True mercy goes beyond justice. But mercy does not oppose justice. Our mission is, only by the grace of God, to seek the salvation of our souls, and to bring as many with us to Heaven as we can, again only as God uses us as his instruments of grace and mercy. The supreme law of the Church is the salvation of souls.
An Associated Press story that ran in the State Journal-Register July 7 is misleading in saying that Roman Catholic Archbishop Charles Chaput in Philadelphia “is closing the door opened by Pope Francis to letting civilly remarried Catholics receive Communion, saying the faithful in his archdiocese can only do so if they abstain from sex and live ‘as brother and sister.'”
As I explained in my statement about the Apostolic Exhortation of Pope Francis on April 8, the date it was issued, “There are no changes to canon law or church doctrine introduced in this document.” I addressed this conclusion in greater detail in my column in our diocesan newspaper, the Catholic Times, on May 1, explaining that in-flight press conferences on an airplane, apostolic exhortations and footnotes “by their very nature are not vehicles for introducing or amending legislative texts or making dogmatic pronouncements.”
The Bible clearly teaches about the proper disposition to receive Holy Communion in the First Letter to the Corinthians, where Saint Paul wrote, “Whoever eats the bread or drinks the cup of the Lord in an unworthy manner will be guilty of profaning the body and blood of the Lord. Let a man examine himself, and so eat of the bread and drink of the cup. For anyone who eats and drinks without discerning the body eats and drinks judgment upon himself (1 Cor 11:27-29). This biblical teaching is reflected in canons 915-916 of the Catholic Church’s Code of Canon Law.
All Serious Sins Must Be Confessed
Thus, the Philadelphia guidelines issued by Archbishop Chaput are certainly correct when they say, “Every Catholic, not only the divorced and civilly-remarried, must sacramentally confess all serious sins of which he or she is aware, with a firm purpose to change, before receiving the Eucharist. . . . With divorced and civilly-remarried persons, Church teaching requires them to refrain from sexual intimacy. This applies even if they must (for the care of their children) continue to live under one roof. Undertaking to live as brother and sister is necessary for the divorced and civilly-remarried to receive reconciliation in the Sacrament of Penance, which could then open the way to the Eucharist.”
This applies not only in the Archdiocese of Philadelphia, but also here in the Diocese of Springfield in Illinois, as it does elsewhere in the Church.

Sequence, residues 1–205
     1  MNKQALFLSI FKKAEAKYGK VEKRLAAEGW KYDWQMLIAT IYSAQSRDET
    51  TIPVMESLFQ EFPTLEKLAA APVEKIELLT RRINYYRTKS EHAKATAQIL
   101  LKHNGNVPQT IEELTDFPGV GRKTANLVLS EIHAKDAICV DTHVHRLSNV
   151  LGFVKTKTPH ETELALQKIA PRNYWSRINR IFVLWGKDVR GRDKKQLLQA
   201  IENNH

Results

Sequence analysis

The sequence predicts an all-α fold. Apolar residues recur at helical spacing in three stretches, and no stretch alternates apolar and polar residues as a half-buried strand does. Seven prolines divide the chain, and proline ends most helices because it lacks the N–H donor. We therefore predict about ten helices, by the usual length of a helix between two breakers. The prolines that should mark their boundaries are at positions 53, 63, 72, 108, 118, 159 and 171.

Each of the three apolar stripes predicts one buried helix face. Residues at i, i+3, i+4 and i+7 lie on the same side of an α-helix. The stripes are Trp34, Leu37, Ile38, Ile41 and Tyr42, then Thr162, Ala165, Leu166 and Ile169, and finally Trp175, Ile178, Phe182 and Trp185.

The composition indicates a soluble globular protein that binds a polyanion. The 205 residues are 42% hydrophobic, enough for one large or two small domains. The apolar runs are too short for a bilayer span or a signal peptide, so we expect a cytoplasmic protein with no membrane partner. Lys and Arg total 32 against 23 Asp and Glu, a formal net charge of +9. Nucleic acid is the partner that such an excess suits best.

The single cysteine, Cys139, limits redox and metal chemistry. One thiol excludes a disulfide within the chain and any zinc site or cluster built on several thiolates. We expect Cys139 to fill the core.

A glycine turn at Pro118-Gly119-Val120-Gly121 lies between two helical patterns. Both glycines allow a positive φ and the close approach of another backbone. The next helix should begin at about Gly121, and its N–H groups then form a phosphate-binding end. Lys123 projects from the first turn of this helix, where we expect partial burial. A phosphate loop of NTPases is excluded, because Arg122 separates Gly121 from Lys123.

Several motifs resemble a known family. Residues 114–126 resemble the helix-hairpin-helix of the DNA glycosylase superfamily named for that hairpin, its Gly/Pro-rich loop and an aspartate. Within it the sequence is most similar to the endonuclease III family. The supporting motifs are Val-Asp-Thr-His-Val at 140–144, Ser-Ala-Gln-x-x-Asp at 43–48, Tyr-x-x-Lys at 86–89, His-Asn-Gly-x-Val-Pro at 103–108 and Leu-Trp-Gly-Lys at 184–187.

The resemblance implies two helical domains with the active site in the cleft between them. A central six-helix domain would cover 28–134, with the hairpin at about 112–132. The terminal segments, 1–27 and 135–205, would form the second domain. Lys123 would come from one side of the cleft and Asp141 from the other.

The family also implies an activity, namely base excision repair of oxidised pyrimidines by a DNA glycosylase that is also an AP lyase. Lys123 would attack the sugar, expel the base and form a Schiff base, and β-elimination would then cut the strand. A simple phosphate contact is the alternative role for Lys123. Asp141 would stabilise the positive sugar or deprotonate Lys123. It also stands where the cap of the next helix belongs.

Our Sex-Saturated Culture
Catholics in these circumstances thus have a free choice: if they persist in sexual activity outside of valid marriage, they must refrain from taking Holy Communion; if they wish to receive Holy Communion, they must refrain from sexual activity outside of valid marriage. The latter may seem impossible to those steeped in our sex-saturated culture, but “with God, all things are possible” (Matthew 19:26).
Bishop Thomas John Paprocki leads the Catholic Diocese of Springfield.
We saw a rare victory in the international battle for truth and religious freedom. You may have heard that Antonio Cardinal Cañizares Llovera, archbishop of Valencia in Spain, had been threatened with legal action following a controversial homily he gave some months ago. Check it out here. Cardinal Charged With Hate Crimes! In the homily, he criticized the extremely aggressive and overreaching “gay empire” that is attacking the family. He called Catholics to vigilance and prayer, calling for a defense of the family.
Attacking the bishop
As if only to prove him right, homosexual activists brought charges against Cardinal Cañizares for giving the homily. He was in a Catholic Church speaking to Catholics, yet he cannot (to listen to these activists) be allowed to defend Church teaching on marriage and challenge those who, well, threaten anyone who dare raise a voice in opposition.
We’re well past the point of “You can’t make this stuff up.” You don’t have to. The sense of entitlement the “gay empire” (to use the cardinal’s term) has to silence all opposition is limitless and is becoming totalitarian. They’ve had too many successes in just such cases, so it is heartening to see a victory for sanity.
Threatened with three years in prison, Cardinal Cañizares prevailed when a Spanish judge threw out the charges, finding truthfully enough that in the controversial homily in question, he was exercising his right to free speech and had no criminal intent or appeal to hatred or violence.
We have discussed many times in Spirit & Life how radical gender ideology has infected many institutions here and around the world, bringing its corrosive anti-reality and anti-God worldview to corners once thought immune to politics. Since the LGBT movement cannot defend its views with reason, it must appeal with raw emotion and project its own hatred onto its opponents and remove their rights to free speech, and increasingly, to any public endeavor whatsoever.